Andy Carty – a retiring man

Few people who know Andy Carty would ever call him “a retiring man”, but all will be saddened to learn that this month he throws in the towel from his role on the senior management team at Infrastructure UK after an impressive public-side tour of duty that took in three seats of power.

Andy is one of those rare characters in the industry who combines charm and good humour with an unflappable nature that’s essential for working in oft-frustrating public roles – without going entirely insane.

For the last six years, he has lived and breathed the pungent airs of Westminster, before that having done a stretch in Belfast working at the Strategic Investment Board – in the most bugged office in the province – also having served five years as a special adviser at the EIB in Luxembourg.

Some might accuse him of being institutionalised – and not without good reason – but on 12 September (2019) he retires from the public side of the table with sanity largely intact.

It has been suggested that he retained his grip on reality by penning a couple of books on (yawn) IT services management… but that could also have been an expression of his mental state.

Of all the many meetings with Andy over the years – he’s a regular at the legendary Stephenson Harwood summer party – the one that makes this infra hack chuckle most is the memory of him (champagne flute in hand) at a law firm bash in 2008 expounding at the top of his voice that the head of its infra practice had “a funny, squeaky voice”… delivered in a falsetto that would have put the Bee Gees to shame.

As he concluded this ever-so-slightly personal assault, Andy breaks off pointing: “And he’s standing right there!” Only for said lawyer to cast around, desperately seeking somewhere else to be… making out like he hadn’t just heard himself being lampooned.

In a career that has witnessed an eclectic mix of roles, one of his memorable stand-outs was in China while on a tour at the behest of the then prime minister David Cameron and chancellor George Osborne… who thought at the time China was the answer to the question… even if they weren’t sure what the question was.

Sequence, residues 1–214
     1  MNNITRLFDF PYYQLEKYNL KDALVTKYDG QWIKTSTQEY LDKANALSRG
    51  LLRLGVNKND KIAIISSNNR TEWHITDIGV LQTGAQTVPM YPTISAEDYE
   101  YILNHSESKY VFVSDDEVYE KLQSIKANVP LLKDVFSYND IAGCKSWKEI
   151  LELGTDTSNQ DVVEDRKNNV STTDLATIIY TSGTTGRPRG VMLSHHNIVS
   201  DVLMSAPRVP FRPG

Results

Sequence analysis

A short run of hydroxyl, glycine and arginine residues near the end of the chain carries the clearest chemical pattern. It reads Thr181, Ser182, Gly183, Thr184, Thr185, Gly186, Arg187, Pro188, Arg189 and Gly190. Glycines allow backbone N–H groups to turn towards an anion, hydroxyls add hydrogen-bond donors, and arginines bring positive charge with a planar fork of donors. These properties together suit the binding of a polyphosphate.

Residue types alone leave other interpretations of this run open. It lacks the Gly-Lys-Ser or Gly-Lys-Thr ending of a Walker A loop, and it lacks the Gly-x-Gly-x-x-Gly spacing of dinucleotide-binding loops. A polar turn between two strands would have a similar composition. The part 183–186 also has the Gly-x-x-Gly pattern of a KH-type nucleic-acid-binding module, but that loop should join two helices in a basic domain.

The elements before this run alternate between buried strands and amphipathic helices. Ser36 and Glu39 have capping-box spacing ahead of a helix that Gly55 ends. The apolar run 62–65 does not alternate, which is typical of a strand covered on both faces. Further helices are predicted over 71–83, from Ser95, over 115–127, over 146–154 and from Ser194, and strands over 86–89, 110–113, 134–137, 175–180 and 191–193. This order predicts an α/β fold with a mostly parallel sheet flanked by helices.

Being somewhat taller than the average, he cut a rather remarkable figure at dawn in Beijing roaming the streets – much like The Third Man – making life easy for his “escorts” who were dogging every step he took.

His career has also not been without controversy… usually caused by his – shall we say – open and frank nature. Ask him a question and you'll assuredly receive an honest answer.

This got Andy into a spot of bother when he was quoted on the front page of the FT slamming (on record) the government’s IT procurement policy, explaining that problems stemmed from its insistence on giving the stupidest contracts to the stupidest bidders.

This resulted in a vigorous dressing down – “in the nicest possible way” – from the fearsome duo of Geoffrey Robinson MP and Sir Adrian Montague… who promptly recommended he keep up the good work!

Over the years, Andy has overcome many challenges that range from daily trials and tribulations to trying to persuade John Prescott MP that, for the public side, there’s more to project finance than a simple mortgage structure.

He failed entirely to impress on Prescott the significance of risk transfer: “We could just borrow the money ourselves, if that had been the case!”

Corridors of power

Andy worked for many years as a consultant in the (oh lord, there it goes again… yawn) IT sector,  with Honeywell, one of the world’s largest IT companies, as well as with the UK government’s Central Computer and Telecommunication Agency, and a period running his own consultancy.

With that real-world experience, he was ideally suited to the corridors of power – even if that wisdom was sometimes ignored in favour of political interference and poor procurement practice.